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What to expect on the job

Got the job, now what?

What you will need to get paid

  • You’ll need to bring work documents that prove you are eligible to work in the U.S., such as a Social Security card or, if you are an immigrant, a green card. You will need to fill out a W-4 document at the workplace in order to get paid.  
  • If a work uniform is required for the job, you may need to purchase it yourself, or the employer may give you a uniform that you pay a deposit for. You may need to buy work boots or special shoes for some jobs.
  • If you have a checking or savings account, the employer can directly deposit your pay into your account. This makes the money available to you faster. You need to complete a direct deposit form to give your permission. However, your employer should also give you a choice of getting a paper paycheck. Download this personal budget worksheet to help track your earnings and spending.
  • Most employers pay every two weeks for entry level jobs. Plan your spending carefully since you probably won't get a first pay check for a few weeks. Keep track of your hours on a calendar, and make sure they add up to what’s listed on your pay check. Put due dates for bills and pay days on a calendar.
  • You may be able to file for a tax refund the year after you start your job, for taxes that are required to be taken out of your paycheck. Learn about how to file taxes yourself, or find trustworthy sites to get help filing your taxes for free.

Your first week

  • Being on time counts. Especially if it’s your first job, you might lose track of when you work. Set an alarm or leave yourself a note as a reminder. Leave enough time to change into work clothes and get to work.
  • Plan your route to work and test it to see how long it takes. If you work nights, make sure that you have a safe way home. Qualify for a bus or train pass? Check with your local public transportation.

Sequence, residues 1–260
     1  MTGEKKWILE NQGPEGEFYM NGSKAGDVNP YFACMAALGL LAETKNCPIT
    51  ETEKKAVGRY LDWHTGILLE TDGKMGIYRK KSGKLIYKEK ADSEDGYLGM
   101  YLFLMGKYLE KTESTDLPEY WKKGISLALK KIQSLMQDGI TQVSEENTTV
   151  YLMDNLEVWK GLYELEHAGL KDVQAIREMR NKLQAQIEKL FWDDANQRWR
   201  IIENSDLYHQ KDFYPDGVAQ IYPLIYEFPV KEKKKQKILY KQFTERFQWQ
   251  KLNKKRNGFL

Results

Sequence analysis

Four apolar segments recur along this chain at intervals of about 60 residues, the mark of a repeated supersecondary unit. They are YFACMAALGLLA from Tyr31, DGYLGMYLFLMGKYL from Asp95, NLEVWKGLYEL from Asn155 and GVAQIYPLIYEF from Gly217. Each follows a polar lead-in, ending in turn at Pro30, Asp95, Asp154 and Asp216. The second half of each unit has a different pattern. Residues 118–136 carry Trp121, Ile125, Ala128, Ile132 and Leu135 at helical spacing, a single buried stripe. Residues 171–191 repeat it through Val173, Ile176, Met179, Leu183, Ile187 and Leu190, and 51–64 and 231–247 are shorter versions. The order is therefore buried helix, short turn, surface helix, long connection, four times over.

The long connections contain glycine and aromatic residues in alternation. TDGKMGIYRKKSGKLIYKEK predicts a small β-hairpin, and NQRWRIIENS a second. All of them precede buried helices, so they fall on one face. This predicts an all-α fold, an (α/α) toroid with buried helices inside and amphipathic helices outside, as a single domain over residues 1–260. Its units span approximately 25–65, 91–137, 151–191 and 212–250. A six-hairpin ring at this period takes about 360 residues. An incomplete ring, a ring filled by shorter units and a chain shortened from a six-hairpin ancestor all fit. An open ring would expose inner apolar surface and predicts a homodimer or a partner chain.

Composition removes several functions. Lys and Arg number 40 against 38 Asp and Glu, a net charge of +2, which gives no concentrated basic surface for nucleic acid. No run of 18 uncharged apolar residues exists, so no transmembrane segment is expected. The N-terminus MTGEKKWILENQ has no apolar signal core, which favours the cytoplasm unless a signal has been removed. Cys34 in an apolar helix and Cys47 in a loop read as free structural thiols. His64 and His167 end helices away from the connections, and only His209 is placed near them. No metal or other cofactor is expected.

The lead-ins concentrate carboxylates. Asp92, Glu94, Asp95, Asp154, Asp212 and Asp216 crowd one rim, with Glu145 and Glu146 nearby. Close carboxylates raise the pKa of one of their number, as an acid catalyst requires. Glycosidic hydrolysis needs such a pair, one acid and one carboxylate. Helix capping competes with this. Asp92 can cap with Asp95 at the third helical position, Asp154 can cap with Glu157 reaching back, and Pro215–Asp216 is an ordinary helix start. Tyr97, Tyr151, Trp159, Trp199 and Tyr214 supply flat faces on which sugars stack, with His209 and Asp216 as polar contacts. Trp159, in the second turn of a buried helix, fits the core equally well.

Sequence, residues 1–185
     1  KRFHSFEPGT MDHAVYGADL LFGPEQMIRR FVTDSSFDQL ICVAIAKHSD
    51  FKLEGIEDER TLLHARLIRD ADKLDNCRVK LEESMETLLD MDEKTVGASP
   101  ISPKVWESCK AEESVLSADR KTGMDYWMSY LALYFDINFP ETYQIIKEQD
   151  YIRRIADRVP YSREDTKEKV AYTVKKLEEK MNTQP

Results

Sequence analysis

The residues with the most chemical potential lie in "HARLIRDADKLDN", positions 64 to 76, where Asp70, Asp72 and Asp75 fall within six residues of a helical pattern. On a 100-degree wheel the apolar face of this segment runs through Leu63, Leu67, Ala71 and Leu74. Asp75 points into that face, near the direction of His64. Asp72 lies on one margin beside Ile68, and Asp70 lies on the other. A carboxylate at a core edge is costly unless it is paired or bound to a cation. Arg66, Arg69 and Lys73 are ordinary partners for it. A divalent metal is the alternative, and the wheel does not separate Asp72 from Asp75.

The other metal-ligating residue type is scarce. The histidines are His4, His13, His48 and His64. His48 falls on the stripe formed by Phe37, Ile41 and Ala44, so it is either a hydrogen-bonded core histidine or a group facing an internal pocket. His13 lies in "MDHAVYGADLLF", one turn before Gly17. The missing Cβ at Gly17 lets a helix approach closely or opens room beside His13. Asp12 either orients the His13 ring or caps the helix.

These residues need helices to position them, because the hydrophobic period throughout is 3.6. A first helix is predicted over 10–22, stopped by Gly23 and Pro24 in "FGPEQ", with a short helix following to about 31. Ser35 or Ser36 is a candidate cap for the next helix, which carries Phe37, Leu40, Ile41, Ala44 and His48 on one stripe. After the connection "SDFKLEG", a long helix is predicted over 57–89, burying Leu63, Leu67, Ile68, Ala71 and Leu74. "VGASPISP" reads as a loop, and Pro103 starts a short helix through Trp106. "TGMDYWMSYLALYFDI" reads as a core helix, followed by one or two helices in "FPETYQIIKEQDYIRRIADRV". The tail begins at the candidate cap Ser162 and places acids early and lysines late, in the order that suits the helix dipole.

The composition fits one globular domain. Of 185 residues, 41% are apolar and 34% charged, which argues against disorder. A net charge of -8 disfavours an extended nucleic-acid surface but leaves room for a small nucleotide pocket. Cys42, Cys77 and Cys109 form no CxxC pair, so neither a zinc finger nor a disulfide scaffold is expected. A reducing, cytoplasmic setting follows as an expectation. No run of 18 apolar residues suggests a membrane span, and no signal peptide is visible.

• Get to know the names of your co-workers and what their jobs are. If you are not introduced to them, look for a time when you can introduce yourself.
  • Employers want you to be successful so most will provide training on how to do the job, and plenty of chances to ask questions. If not, ask to be trained in.
  • If a task or situation is stressful or seems unsafe, observe co-workers or talk to your supervisor about how to handle or change it. Follow safety procedures!

Fitting in at work

  • Be friendly, smile at customers and co-workers.
  • If you get feedback from a supervisor or coworker, don’t take it personally. Stay calm, pay attention to what is said, and try to use their advice to help you do your job better.
  • Be sure you understand your role and follow procedures you learn in training such as hand washing. Learn where materials and equipment are kept and how to use them.
  • Is the workplace relaxed or formal? How do co-workers dress? What topics are discussed? Try to match the workplace style when you first start.
  • If you make a mistake, take responsibility for your part: apologize, clear up what you can, and do your best to improve. You will get better at it!
  • You cannot control others' decisions or work situations that come up. But you can choose a positive outlook and give your best to the job.